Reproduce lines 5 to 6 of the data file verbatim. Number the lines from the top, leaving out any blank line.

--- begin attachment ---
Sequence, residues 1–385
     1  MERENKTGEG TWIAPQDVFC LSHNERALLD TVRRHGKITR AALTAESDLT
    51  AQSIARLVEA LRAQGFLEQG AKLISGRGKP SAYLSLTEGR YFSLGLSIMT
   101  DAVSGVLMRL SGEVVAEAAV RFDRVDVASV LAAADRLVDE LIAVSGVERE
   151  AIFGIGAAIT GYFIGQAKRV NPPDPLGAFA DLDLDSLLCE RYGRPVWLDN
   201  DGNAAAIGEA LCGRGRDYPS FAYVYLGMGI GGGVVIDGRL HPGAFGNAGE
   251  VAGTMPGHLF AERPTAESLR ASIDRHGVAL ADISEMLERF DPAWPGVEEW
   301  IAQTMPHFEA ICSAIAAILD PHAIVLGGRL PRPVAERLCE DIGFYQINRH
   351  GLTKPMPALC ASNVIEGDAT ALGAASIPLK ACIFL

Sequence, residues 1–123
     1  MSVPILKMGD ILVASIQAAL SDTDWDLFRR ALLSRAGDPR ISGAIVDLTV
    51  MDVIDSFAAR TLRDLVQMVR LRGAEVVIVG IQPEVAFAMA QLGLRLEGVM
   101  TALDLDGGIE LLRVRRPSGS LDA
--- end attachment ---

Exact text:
   151  AIFGIGAAIT GYFIGQAKRV NPPDPLGAFA DLDLDSLLCE RYGRPVWLDN
   201  DGNAAAIGEA LCGRGRDYPS FAYVYLGMGI GGGVVIDGRL HPGAFGNAGE